Dora let the noise of applause and shouts wash over her and relaxed into the good little pain of Thistle digging for dirt under her nails.

When she opened her eyes again, it was quiet.

“They’ve gone to sleep,” Thistle said. “We can go.”

They crawled out from under the table and picked their way across cobblestones littered with cups and crystal shards.

Thistle led Dora in an arc around the debris to where the dance floor ended and the path through the birch grove began. The black soil swallowed the sound of their footsteps, and Thistle let out a long breath. Dora took his hand as they walked between the trees in silence.

In the middle of the grove, Porla was asleep in her pool. She floated just under the surface, blond hair waving in the water like seaweed. Her greenish face looked innocent: you’d never know that her teeth were sharp and she kept the body of a dead servant under the roots of a tree that grew next to the water. She had been a lady; then she dived into the water and never left. She had tried to lure Dora and Thistle in for “tea” more than once. They gave the pool a wide berth.

A breeze wafted into the grove, thick with the smell of apples. Dora and Thistle stepped out from between the birch trees and into the orchard under the big ultramarine bowl of sky. The air bit into Dora’s lungs.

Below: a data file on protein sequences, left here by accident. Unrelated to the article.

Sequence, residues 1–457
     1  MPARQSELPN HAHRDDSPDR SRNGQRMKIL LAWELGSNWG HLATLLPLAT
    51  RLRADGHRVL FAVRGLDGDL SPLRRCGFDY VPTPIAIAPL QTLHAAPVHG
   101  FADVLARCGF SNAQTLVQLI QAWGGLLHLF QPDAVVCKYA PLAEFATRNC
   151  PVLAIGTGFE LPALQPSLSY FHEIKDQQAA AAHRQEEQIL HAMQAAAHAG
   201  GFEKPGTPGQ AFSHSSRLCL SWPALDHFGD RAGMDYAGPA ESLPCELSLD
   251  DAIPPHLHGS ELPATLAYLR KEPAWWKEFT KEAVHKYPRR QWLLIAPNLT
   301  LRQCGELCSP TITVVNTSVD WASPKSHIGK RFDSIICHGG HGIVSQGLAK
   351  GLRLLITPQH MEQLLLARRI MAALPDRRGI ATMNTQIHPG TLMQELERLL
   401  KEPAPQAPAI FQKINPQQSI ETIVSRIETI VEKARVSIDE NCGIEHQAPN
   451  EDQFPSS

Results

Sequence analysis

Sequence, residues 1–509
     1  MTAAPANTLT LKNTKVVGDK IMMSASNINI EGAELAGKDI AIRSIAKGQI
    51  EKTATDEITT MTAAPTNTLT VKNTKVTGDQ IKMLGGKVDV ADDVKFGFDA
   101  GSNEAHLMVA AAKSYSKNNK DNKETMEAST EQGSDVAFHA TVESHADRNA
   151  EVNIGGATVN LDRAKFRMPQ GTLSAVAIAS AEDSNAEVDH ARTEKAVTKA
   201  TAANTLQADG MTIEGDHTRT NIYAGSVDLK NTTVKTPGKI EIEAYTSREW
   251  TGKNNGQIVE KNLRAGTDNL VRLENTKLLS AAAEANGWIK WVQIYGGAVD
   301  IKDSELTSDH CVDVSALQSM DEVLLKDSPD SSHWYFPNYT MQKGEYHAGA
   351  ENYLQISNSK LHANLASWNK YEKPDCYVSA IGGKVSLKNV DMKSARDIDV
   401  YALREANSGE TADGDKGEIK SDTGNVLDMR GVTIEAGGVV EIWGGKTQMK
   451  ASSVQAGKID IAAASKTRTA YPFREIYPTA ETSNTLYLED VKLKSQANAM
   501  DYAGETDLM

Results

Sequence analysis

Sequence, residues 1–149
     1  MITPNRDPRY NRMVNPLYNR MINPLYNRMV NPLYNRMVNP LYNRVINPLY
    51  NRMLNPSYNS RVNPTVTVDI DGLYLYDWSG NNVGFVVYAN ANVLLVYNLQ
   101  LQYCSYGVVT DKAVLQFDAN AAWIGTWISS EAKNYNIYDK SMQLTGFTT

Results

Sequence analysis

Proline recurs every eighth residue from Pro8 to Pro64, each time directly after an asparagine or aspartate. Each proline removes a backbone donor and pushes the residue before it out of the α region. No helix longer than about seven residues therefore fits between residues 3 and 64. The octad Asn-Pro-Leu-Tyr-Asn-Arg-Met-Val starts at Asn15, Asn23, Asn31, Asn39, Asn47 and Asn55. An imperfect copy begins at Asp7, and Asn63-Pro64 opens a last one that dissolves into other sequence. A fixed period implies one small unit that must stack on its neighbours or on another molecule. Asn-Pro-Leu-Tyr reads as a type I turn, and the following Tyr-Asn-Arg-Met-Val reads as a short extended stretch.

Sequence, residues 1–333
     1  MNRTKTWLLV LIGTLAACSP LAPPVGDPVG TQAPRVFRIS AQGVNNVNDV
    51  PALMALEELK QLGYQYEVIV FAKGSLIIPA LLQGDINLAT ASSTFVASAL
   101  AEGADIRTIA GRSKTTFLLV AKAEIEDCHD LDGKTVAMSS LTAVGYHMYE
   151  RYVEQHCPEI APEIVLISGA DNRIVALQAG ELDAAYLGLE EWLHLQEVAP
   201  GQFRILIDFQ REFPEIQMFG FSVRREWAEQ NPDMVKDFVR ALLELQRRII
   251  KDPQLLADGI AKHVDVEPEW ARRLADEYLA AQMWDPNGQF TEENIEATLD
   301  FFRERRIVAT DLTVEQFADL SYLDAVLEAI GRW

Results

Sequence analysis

The orchard’s gnarled apple trees were planted in neat rows. You could stand in any spot and stretch out your arms and pre-tend that the trees streamed from your fingertips. The branches hung heavy with fruit: every other tree carried big red apples, and the rest juicy- looking green ones. Dora had compared most of the trees. They all looked the same, down to the smallest twig and fruit. The apples tasted the same, too: hard and tongue- shriveling sour for the green, mealy and sweet for the red. Dora sniffed an apple on the nearest tree, then bit into it. It smelled better than it tasted. Her feet made a swishing noise in the damp grass. Next to her, Thistle was quiet. She glanced at him. His steps were so light; he moved like a wading bird, like the lords and ladies. He looked so frail next to her, little stolen boy. Dora should be minding him instead of the other way around. She didn’t say this out loud, just stopped and held him close.

“What are you doing?” Thistle mumbled against her shoulder.

He had stopped speaking in the boy voice now that they were alone. Male servants with low voices were doomed. The lords and ladies hadn’t noticed because Thistle was short and good at shaving.

“You’re so small.”

He chuckled. “I can’t breathe.”

Dora let go again. Thistle looked up at her and smiled. The paint around his eyes was smudged.

“Come on, sister.” He took her hand.

Excerpted from “The Memory Theater” by Karin Tidbeck. Copyright © 2021 by Karin Tidbeck. All rights reserved. No part of this excerpt may be reproduced or reprinted without permission in writing from the publisher.


Become a member of Ballerina Book Club by signing up for our newsletter. Update: You can also find us on Goodreads!

Top Image: "The Memory Theater" by Karin Tidbeck.